AquAid in the Capital – AquAid London South East (LSE)

AquAid in the Capital – AquAid London South East (LSE)

AquAid Water Coolers have been in operation providing high quality water coolers, dispensers and water boilers since 1998. Today, AquAid have 35 branches throughout the U.K.

In London, AquAid have not one, but two branches in the capital.

If you have any water or water cooler requirements in London’s South East, then you need look no further than AquAid London South East or AquAid LSE as the branch is known.

Owned and managed by the inimitable Paul Taylor, AquAid LSE has been supplying water coolers, dispensers and bespoke water supply solutions to their customers for 16 years.  Paul and his team look after more than 1,250 customers at worksites, care facilities, hospitals, offices, universities, colleges and schools.

Although London’s South East boroughs of have changed somewhat over the years, AquAid LSE continues to look after their customer requirements throughout the following areas:

Beckenham, Bexley, Camberwell, Docklands, Erith, Forest Gate, Greenwich, Lambeth, Lewisham, Orpington, Peckham, Rotherhithe, Sidcup, Southwark, Stratford, Swanley, Walthamstow and Welling.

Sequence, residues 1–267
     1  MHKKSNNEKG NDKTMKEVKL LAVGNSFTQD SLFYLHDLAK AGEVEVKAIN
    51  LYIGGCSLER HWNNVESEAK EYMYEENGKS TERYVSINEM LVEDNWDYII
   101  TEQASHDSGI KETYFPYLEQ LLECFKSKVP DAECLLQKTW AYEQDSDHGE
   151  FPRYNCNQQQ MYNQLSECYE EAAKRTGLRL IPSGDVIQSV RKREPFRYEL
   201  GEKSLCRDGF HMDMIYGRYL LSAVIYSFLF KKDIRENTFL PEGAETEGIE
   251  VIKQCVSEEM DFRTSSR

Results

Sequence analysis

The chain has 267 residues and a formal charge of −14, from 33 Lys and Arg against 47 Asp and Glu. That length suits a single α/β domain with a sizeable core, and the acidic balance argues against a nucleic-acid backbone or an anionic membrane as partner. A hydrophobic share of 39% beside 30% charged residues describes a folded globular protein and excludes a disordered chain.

Certainly a mouthful but AquAid LSE has you coolered nonetheless!

Some perhaps lesser known points of interest in and about the boroughs of London’s South East:

*The O2 Arena in Greenwich, originally known as the Millennium Dome, is so large that it can fit the Great Pyramid of Giza or the Statue of Liberty inside. It is the largest structure of its kind in the world, but with a seating capacity of 20,000, it comes in second to the Manchester Arena.

*The London Docklands: In 1696, the Howland Great Dock was formed in Rotherhithe. It was established to give more area for the ships to dock and secure the ship from any thieves. There are at least 120 large vessels which could be accommodated in the dock.

*Lambeth Bridge is painted red in honour of the House of Lords, while Westminster Bridge is painted green for the House of Commons. It is an interesting honour considering that Parliament attempted to block the building of the bridge in 1664, 1828, and 1836, as well as trying to block its widening in 1912.

So whether you’re situated in the Docklands, Greenwich or Lambeth (or in any of the other 15 locales) in London’s South East, AquAid LSE is available for all your water and water cooler requirements. They may not be painting any bridges red or green but they’ll always be able to offer you cool blue drinking water, whatever your set-up requires.

Contact them today – they’ll be more than pleased to assist.

*source: from an article in Londontopia